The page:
Life Saving Society Malaysia
The Life Saving Society Malaysia (LSSM), which began as the “Royal Life Saving Society Malaysian Branch”, originated in the year 1964. Although as early as 1927 a group of lifesavers had been trained in the Bronze Medallion under Lee Fong Lim at the Penang Chinese Swimming Club, the establishment of the RLSS Malaysian Branch marked the beginning of organised life saving in the country.
In 1961, the Earl Mountbatten of Burma, the Grand President of the RLSS Commonwealth Council visited Kuala Lumpur and met with Mr. Teoh Teik Lee, who was then the local representative for the RLSS United Kingdom. His Lordship proposed the formation of an autonomous national life saving organisation that was consistent with the independent status of the country. This step would also ensure the co-ordination and orderly development of the life saving movement nation-wide. This proposal had the blessing of the then Prime Minister, Y.T.M. Tunku Abdul Rahman, who not only gave his full support, but also consented to be the Patron of the Society.
Thus it came about that the early development of the RLSS Malaysian Branch was associated with two very illustrious names – the Earl Mountbatten of Burma and Y.T.M. Tunku Abdul Rahman. The RLSS Malaysian Branch was formed in the inaugural meeting on the 9th December, 1964, and Mr. Teoh Teik Lee was elected the first President of the Society, a position he held for twelve years.
Three years later on 14th February, 1967 at “Carcosa”, the residence of the British High Commissioner, the Society received its “Instrument of Membership” to the RLSS Commonwealth Council from the Grand President, Earl Mountbatten of Burma. This auspicious ceremony held under the patronage of Y.T.M. Tunku Abdul Rahman was witnessed by dignitaries and representatives from Commonwealth nations, including the Honourable Justice Joske, President of the Royal Life Saving Society -Australia. Malaysia became the 5th Branch of the RLSS Commonwealth Council.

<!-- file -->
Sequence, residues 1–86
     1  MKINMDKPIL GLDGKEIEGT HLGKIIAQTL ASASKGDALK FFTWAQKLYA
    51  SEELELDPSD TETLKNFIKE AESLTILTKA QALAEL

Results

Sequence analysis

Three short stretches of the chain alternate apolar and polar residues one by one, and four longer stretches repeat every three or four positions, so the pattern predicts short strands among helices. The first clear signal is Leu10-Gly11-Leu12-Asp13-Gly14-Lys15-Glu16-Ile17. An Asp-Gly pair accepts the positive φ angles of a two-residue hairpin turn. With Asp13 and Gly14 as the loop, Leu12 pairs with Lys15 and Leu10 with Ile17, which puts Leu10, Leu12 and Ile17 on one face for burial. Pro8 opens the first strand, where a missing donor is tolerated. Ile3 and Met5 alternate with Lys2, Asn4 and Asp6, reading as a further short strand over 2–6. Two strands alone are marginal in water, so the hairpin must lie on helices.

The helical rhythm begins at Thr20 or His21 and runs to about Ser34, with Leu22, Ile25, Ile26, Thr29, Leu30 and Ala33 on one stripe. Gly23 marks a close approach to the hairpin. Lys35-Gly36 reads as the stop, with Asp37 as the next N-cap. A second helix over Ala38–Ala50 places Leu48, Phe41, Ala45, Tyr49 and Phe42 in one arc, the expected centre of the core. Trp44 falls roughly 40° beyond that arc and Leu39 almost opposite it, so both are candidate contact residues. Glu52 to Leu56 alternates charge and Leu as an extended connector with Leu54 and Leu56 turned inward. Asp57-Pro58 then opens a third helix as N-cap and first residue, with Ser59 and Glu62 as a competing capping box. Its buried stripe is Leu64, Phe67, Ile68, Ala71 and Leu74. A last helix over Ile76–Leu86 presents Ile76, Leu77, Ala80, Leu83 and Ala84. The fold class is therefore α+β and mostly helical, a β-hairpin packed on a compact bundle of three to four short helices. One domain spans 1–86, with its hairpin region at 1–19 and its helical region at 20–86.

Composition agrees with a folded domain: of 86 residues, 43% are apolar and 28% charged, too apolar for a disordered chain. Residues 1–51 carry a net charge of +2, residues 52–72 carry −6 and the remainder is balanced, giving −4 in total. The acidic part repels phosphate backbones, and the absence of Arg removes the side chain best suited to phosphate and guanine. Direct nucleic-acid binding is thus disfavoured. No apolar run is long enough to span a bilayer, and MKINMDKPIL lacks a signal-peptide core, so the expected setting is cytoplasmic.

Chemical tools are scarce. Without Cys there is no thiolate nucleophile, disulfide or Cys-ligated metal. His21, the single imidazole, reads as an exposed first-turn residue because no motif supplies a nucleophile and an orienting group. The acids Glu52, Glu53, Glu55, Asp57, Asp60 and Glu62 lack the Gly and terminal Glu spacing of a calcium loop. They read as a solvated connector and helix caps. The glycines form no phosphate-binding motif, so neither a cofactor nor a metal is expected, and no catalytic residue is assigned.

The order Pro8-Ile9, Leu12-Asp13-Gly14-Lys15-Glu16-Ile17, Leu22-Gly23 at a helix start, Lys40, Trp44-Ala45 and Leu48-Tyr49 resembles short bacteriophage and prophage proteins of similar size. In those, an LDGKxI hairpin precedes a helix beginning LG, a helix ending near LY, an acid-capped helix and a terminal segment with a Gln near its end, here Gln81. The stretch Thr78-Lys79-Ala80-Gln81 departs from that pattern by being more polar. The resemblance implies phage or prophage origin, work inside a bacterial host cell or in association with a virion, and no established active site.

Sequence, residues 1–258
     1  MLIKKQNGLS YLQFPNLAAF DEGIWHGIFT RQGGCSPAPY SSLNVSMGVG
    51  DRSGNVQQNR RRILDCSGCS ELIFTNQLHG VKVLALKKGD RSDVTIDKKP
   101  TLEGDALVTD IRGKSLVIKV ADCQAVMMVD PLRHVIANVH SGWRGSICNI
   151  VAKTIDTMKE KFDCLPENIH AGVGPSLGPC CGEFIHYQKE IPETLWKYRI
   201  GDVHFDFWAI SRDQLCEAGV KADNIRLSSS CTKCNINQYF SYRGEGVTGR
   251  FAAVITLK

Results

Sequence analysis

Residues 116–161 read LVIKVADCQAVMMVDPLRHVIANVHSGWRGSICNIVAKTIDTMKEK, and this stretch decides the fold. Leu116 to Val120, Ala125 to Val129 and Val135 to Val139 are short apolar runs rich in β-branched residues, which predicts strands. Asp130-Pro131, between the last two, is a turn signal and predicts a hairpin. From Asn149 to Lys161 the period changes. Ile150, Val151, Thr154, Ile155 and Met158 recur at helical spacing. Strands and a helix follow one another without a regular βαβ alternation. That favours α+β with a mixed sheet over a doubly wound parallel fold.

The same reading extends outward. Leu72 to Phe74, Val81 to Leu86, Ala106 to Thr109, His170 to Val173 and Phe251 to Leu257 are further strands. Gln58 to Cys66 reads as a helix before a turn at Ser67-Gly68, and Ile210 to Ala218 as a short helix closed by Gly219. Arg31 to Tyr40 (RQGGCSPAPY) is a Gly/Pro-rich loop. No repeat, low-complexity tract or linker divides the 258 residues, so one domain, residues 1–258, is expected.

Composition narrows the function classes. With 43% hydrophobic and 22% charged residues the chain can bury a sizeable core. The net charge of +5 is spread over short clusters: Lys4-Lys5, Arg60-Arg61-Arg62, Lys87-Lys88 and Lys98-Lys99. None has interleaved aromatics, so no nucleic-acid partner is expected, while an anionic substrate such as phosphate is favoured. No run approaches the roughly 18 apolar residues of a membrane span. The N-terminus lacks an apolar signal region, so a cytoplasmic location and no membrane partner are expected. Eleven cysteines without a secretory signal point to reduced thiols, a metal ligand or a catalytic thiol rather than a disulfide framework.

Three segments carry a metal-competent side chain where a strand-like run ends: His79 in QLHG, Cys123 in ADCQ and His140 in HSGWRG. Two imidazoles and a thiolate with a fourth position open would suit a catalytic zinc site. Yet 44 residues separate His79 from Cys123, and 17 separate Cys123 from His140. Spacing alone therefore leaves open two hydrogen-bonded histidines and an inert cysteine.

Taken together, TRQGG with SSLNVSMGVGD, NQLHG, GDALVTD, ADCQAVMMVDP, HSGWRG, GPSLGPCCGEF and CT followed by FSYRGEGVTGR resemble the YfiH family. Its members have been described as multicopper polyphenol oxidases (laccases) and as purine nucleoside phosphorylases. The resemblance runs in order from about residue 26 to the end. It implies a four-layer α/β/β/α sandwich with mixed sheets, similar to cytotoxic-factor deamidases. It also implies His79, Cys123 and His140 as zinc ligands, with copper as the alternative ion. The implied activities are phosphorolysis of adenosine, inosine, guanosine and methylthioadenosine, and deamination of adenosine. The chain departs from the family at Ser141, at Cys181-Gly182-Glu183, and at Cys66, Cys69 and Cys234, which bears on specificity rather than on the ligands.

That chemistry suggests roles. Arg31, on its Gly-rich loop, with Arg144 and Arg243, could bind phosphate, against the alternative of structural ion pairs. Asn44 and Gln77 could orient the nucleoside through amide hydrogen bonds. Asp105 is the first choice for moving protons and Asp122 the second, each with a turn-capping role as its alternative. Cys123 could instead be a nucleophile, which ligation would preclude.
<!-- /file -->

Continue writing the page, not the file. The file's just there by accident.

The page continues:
The founding years of the Society were difficult ones. The task of promoting life saving in a climate that lacked civic awareness of the importance of water safety and survival skills taxed the small band of volunteer workers of the Society to the limit of their resources.
Nevertheless, under the constant personal attention of the Grand President, who made regular visits to Kuala Lumpur to look in on the progress of the Society, and the encouragement given by Y.T.M. Tunku Abdul Rahman, many obstacles were overcome, and a slow but steady progress was made towards training an increasing number of life savers among the youth of the country.
During this period of growth, the Society received much needed help by the way of technical information, handbooks and stocks of medallions from many of the Commonwealth nations. This prompt and ready response to call for assistance in the common cause of life saving is another living manifestation of the Commonwealth spirit.
In the first year of operation, the Society managed to train 50 lifesavers. Three years later this annual total reached 500, and the figure doubled itself in 1970. In the early 80’s, interest in lifesaving activities spread to more states in the country resulting in a healthy growth in training statistics and producing an annual average of 3.500 life saving awards.
The mission of the Society is to reduce the loss of life through accidental drowning and emergencies arising from cardiac arrest. It strives to meet these objectives through programmes aimed at:
- promoting public awareness of water safety as a basic of teaching swimming to people, especially children
- increasing the number of trained life savers
- encouraging the formation of lifeguard corps
- conducting clinics in cardiorespiratory resuscitation
- promoting life saving as a sport.
In 1994 the Society became a full member of the International Life Saving Federation.